When I did my installation at Radiant Space last year, that was about showing my installation “Before You Were Born,” to LA. Bob Bingham, the professor I mentioned earlier, told me that he likes to always show an installation twice. Sometimes, I remember comments from people in my life and go with that. I knew “Before You Were Born” needed to be shown in LA; the first installation was in San Jose during a residency at the San Jose Quilt and Textile Museum.

My work is always growing. I find what works and go with that. My process itself is meditative; it gives me the time and retrospection to learn from all of my experiences, good and bad.

I am feeling very good about the installation at PAM. Things are clicking for me.

The installation at PAM is called “Temple of the Future.” There’s a bucket of water surrounded by flowers in it. Within the bucket is a mirror, more flowers, and the words, “Believe in you: you create your future.” The bucket is close to overflowing because that is how I feel in love and in life right now. I want to be part of a generation that shows young people that they can do anything, they can have a positive influence, and that they are so powerful.

Along with my work, Darren Sarkin is also showing new pieces at PAM. I met Darren when I moved to LA; I actually lived in his loft for my first five months. I’ve always loved his artwork, which clearly comes from a source of spirituality. Darren works with mediums that I haven’t seen before in fine art: mirrors and lights. This leads to a participatory experience with the viewer: you look into a piece, and you look into yourself.

In addition, Mia is also organizing another show at PAM this upcoming Saturday, January 12th. There will be music performances and vendors. If you missed last week’s show, or want to come out again to a chill, welcoming and fun event, please grab a ticket while they are available. There will also be a wine night for collectors and fans who want to purchase work, although that date hasn’t been set yet.

All this being said, I’ve been in LA for a year and a half. I left my old life about two and a half years ago. Otto, there have been so many changes in my life, and it’s been really fantastic at times, and really lonely at times too. There are moments where I have just stopped and started crying, a lot of the time because I have been given exactly what I asked for.

What I realized, and what I want to share is that if you have something that drives you, do it, because it is bigger than you.

Your installations usually only last a few days or a month at most, then what happens to them? Do people ask you to create permanent installations for them?

Most of the time my installations last for at least a month. It takes a lot of work to put it together. Sometimes things are shorter, but once the work is up, well, I think people want to keep it there! My installation at Mars Gallery in Chicago was originally only going to be up for a few weeks, but it’s been on display for almost four months now.

It’s important to remember that all of my installations are made up of paintings and sculptures. Sometimes the paintings and sculptures sell individually, and sometimes entire installations are sold. I’m open to all of it.

I’ve sold installations to businesses and to collectors. Same thing with individual pieces.

I recently got back from Ohio, where I created a permanent installation for Otherworld, which is opening in Spring 2019. Otherworld a fully immersive art experience in Columbus, Ohio.

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How can your fans have a piece of your work, if it’s just an installation? Is it just about enjoying the experience and not having something to keep other than the memory?

Fans can have a piece of my work in so many ways because it’s not just an installation. My artwork is most impactful in installation form, so I present it in this way. However, my installations are paintings and sculptures. Each part stands alone as well. I sell work at different price points: prints and merch, individual pieces, and full installations. I promise I am working on my online store; it should be up by this week. Many pieces are up on artsy, or if you’re interested in anything at PAM, Mia Orozco is the person to contact. There are price labels on the work too.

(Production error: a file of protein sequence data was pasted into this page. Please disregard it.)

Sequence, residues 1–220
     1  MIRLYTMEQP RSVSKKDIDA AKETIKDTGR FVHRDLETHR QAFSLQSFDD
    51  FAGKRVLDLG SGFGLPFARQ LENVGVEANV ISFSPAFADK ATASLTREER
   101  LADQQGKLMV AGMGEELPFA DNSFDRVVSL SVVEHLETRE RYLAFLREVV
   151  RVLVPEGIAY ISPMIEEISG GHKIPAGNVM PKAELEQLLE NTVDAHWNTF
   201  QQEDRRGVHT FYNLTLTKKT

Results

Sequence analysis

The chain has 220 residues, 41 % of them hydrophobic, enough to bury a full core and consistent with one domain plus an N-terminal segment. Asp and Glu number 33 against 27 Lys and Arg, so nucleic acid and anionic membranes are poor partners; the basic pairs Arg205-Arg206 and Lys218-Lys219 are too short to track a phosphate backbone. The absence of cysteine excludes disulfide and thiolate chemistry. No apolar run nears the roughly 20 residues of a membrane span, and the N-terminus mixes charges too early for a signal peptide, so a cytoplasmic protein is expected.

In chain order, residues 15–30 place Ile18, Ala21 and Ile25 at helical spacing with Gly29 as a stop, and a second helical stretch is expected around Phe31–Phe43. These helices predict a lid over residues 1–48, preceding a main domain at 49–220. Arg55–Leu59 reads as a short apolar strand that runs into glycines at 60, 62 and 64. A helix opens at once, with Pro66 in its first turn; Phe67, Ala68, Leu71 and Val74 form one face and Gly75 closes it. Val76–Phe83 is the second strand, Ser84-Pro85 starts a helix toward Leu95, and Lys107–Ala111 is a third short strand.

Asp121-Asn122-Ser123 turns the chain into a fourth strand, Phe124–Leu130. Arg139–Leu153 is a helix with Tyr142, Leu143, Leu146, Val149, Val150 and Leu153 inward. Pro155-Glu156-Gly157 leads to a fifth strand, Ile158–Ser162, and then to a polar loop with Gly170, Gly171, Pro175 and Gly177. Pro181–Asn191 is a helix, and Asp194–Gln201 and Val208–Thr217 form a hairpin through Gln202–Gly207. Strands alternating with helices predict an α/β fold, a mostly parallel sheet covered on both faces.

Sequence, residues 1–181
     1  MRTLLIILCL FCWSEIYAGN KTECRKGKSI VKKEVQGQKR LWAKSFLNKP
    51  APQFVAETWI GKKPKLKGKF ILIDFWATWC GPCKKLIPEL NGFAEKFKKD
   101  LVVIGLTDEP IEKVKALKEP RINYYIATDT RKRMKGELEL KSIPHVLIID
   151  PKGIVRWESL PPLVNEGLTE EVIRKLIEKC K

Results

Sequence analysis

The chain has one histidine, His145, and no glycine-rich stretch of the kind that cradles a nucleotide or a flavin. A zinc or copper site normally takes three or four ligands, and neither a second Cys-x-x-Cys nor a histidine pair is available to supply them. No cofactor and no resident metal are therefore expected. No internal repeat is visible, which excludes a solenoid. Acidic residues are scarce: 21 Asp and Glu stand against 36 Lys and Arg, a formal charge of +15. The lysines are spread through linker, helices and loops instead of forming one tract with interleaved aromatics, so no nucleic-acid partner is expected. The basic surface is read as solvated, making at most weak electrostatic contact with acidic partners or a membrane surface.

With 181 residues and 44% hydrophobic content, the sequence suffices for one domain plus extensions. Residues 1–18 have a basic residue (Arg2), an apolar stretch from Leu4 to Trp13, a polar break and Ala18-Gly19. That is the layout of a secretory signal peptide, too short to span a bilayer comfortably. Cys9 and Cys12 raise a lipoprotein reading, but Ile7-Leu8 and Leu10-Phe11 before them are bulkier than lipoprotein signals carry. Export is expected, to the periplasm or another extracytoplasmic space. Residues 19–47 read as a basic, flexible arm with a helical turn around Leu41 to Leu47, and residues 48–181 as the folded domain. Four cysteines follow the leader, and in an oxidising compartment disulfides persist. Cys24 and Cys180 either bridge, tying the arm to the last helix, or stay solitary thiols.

The work is about life; it can be enjoyed as an experience or it can be purchased. And, to be frank, buying my work is the best way to fund this artist. I love selling my work; I love the work having a home or space. My work is maximal, but my life is very minimal. I don’t have much stuff: basically, I live in my art. Clearing out pieces gives me room to make new work, and I love creating. That is the essence of being human: creating.

In times where I’ve felt the worst, I’ve longed to be held and loved. When I started making environments, this is the feeling I was looking to create.

Going back to art school, going back to your question about CMU, this time in my life was so essential. I dove into my work. I don’t know how I did in school grade-wise, because it wasn’t my focus; making art was. Being in an environment where you are challenged and encouraged to create meaningful artwork…what a privilege to experience. Education changed my life, and I’d like to give back in ways to make education and opportunity more accessible to all incomes and classes in our country.

What’s up next for you?

Working all the time. I have so many ideas, and I’m excited to be in my studio to make them happen. My work takes a lot of time, so I’m just putting in the hours, and to be honest, it makes me feel most alive.

I always post stuff on Instagram, and I try to send out emails when I have shows and events. If you want to stay up to date, just follow me there. I promise, exciting things will happen.

Also be sure to check out Stars In Your Eyes Weekend Two!

An Evening of Interactive Installation Art, Virtual Reality, Live Music Performances and Shopping!

Last weekend was such a great success we added another night of fun! Start the year by manifesting your dreams and goals inside the “Temple of the Future,” a solo installation meditation chamber created by Laurie Shapiro featuring artwork by Darren Sarkin throughout the venue. Purchase a new wardrobe to adorn yourself as the fabulous 2019 version of you! Celebrate the new year dancing with your new and old friends! We added in our amazing Virtual Reality friends from ROTU Entertainmentt!

This event will be taking place inside of Paramount Academy Of Music, the most innovative non-profit music school benefiting children across Los Angeles by providing scholarships to those who need financial assistance to gain music education.